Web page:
An Encyclopedic Dictionary of Conflict and Conflict Resolution, 1945-1996

By John E. Jessup | Go to book overview
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In 1989, Greenwood Press published The Chronology of Conflict and Resolution: 1945-1985. That work chronicled the various manifestations of violence that humanity tends to habitually impose upon itself and the efforts that have been made to resolve those issues. When that book was written, few of us would have regarded what has happened in the intervening years as being possible, even less as probable. Terrorist bombings such as that of the New York Trade Center, the invasion of Kuwait and, most of all, the collapse of the Soviet Union and the destruction of communist hegemony in Eastern Europe are all indicative of the continuing tableau of violence and resolution that has affected almost everyone on earth in one way or another. The only constant is the threat of violence in the weaving of the tapestry of history.

This work is devoted to an encyclopedic review of the period 1945-1996, including some background information on events leading to the post-1945 period. Much of the material covered in the Chronology is represented here in a different format, one in which the particular person, event or place is delineated as the point of focus rather than as a player at a particular point in time. This enables a much more detailed exposition of the background of the people, incidents and locales that have affected our lives over the last five decades-a time when we all should have been luxuriating in the glow of having defeated the enemy in one of the most horrendous conflicts ever fought, World War II.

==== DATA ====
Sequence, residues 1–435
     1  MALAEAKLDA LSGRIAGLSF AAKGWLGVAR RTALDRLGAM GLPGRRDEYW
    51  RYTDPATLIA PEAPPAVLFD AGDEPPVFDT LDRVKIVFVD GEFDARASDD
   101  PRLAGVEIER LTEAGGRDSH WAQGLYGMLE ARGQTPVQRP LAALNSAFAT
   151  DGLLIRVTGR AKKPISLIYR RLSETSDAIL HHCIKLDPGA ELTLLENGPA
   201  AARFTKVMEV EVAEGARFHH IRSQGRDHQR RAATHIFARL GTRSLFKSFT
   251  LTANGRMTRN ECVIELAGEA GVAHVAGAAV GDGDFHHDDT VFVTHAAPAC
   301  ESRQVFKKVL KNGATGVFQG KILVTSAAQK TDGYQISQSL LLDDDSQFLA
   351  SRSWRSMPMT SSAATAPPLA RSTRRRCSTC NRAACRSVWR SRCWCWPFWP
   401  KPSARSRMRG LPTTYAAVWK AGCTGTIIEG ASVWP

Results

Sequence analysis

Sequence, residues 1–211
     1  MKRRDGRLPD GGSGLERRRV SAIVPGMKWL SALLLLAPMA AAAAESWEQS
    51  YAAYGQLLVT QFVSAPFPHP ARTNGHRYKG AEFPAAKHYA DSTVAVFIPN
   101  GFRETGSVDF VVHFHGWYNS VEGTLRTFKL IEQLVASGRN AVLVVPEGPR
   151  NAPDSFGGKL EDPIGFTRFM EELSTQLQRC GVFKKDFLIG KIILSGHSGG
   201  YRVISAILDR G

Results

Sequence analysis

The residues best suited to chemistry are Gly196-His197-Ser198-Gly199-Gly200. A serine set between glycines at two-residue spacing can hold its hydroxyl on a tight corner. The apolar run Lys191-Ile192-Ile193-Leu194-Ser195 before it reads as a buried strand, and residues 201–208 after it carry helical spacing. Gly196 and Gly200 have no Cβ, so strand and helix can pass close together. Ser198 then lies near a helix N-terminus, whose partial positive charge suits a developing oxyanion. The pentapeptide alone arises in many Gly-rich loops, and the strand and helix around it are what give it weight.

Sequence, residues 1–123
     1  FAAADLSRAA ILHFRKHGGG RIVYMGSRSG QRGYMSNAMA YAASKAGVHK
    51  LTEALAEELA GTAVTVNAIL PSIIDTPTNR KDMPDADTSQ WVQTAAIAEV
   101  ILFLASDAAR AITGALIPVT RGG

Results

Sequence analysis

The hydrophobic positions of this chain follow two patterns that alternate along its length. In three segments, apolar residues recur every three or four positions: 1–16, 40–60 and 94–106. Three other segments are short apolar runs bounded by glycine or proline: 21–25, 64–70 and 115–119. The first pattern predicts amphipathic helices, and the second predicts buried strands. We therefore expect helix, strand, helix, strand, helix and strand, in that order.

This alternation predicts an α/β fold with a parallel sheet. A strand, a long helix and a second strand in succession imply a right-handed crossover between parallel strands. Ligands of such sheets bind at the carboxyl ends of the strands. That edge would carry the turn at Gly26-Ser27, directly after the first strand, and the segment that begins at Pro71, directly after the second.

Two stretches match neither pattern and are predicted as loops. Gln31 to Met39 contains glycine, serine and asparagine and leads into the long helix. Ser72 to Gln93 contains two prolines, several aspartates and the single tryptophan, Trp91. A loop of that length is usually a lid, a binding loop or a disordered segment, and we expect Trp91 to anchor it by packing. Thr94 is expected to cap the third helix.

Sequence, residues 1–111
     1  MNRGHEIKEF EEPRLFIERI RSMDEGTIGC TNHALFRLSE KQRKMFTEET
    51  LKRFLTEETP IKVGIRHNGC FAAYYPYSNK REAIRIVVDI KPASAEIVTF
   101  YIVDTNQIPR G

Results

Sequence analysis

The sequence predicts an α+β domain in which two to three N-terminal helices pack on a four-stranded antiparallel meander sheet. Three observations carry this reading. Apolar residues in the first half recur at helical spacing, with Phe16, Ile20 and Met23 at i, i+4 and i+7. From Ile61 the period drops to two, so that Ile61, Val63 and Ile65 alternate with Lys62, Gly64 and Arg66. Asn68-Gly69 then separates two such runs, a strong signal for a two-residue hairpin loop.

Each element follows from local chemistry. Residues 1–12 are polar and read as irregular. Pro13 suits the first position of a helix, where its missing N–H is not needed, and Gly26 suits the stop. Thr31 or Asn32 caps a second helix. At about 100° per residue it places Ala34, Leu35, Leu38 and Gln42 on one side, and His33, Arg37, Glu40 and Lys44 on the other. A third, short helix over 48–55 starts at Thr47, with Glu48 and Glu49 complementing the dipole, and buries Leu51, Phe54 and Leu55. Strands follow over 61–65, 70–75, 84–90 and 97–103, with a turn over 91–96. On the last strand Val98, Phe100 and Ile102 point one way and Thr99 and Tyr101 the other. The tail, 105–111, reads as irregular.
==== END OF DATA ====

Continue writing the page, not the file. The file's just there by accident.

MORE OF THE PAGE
Preparing a book of this type is not without its perils, however, not the least of which is the time involved in the research necessary to draw together the facts and to ascertain a coherent vernacular with which to present them. The realization that not everything known about a person, event or place could be included made for some hard choices. I must conclude, therefore, that not everyone will be satisfied with what is contained in this work, especially the people who have lived through these tribulations, large and small, who will be incensed because the name of a fallen patriot was overlooked, or because the outcome reported was not as remembered. I must thank Michael J. Varhola for his excellent work in preparing the index and for his help in finalizing the manuscript. Although I had his splendid assistance and some help from others in collecting data from the multitude of sources utilized, I am alone responsible for errors of fact or omission in this work.


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An Encyclopedic Dictionary of Conflict and Conflict Resolution, 1945-1996


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